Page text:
Con Schedule: Capricon with Bonus Boskone

by Ariela

Image shows the Capricon 37 flyer Tagline: And the Children Shall Lead Author Guest of Honor Beth Revis, Artist Guest of Honor Nilah Magruder, Fan Guest of Honor Meg Frank, Musical Guest Tim Griffin

Image shows the Capricon 37 flyer
Tagline: And the Children Shall Lead
Author Guest of Honor Beth Revis, Artist Guest of Honor Nilah Magruder, Fan Guest of Honor Meg Frank, Musical Guest Tim Griffin

I am off to Capricon this week!

Capricon 37
February 16-19
Westin Chicago North Shore
Wheeling, IL

In addition to hanging art in the show, I will be sitting on a number of panels.

Friday, 1:00 PM:  Theology in SF
Room: Botanic Garden Ballroom A
Panel # 96
How are real world and fictional religions portrayed in SFF? What authors get it right, and how does it go wrong?
Note that this panel will definitely cover Fantasy as well as Science Fiction regardless of the panel name. How do I know? I'm the moderator, that's how. Mwahahaha.

Saturday, 1:00 PM: BFFs in SFF
Room: Botanic Garden Ballroom B
Panel # 100
Our panelists explore the power of female friendship in fiction, media, and gaming.

Saturday, 5:30 PM: Art in the BEFORE TIMES.....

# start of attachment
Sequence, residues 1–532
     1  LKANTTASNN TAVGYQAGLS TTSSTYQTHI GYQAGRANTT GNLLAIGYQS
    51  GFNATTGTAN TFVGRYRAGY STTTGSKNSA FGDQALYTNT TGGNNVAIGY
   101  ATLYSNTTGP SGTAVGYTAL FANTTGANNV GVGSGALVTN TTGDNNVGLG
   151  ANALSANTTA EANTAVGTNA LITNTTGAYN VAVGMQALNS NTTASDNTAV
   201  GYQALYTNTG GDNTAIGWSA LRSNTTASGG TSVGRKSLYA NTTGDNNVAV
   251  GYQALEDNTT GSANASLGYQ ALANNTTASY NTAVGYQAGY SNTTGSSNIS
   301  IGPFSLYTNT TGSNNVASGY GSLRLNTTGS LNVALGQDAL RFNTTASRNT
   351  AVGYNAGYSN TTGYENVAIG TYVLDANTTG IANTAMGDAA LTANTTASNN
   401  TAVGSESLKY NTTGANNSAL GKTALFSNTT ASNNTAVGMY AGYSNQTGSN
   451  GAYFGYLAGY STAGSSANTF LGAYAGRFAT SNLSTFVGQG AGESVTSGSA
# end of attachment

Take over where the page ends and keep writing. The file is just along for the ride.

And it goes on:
Room: Birch A
Panel # 10
A look at the way art was produced before digital tools were readily available.

Sunday, 10:00 AM: Getting Started in Costuming and Cosplay
Room: Birch A
Panel # 110
Is there a better way to show your love of a character than to cosplay as them? We don't think so. Creating original costumes is an amazing way to express your creativity. Panelists and audience exchange costume creation tips.

Sunday, 12:00 PM: Diversity Programming
Room: Birch A
Panel # 26
What does diversity programming mean? How do we move from being purposefully diverse to organically diverse?

I will also be doing art demos at the art show at X times. Come stop by!

Bonus art show: Boskone!

In addition, we are sending art to the Boskone 54 Art Show, February 17-19 at the Westin Boston Waterfront in Boston, MA. Terri might stop by on Sunday, but no guarantees. If you were not able to snag a piece of art you wanted at the Arisia show, stop by Boskone, it might be there!

More Advice for Artists: On Contracts

Including Sample contracts for Ketubot and Teaching Workshops

by Ariela

In addition to the "Judaism's Influence on SFF" panel, I also sat on a panel on "Consulting & Contracting: How To Make (For) Money." We covered a lot of practical advice, ranging from answering specific questions from the audience to general advice (Find a nice person to do your taxes for you, they are worth every penny!).

This is what a sample of the first page of Ariela's boilerplate contract looks like.

This is what a sample of the first page of Ariela's boilerplate contract looks like.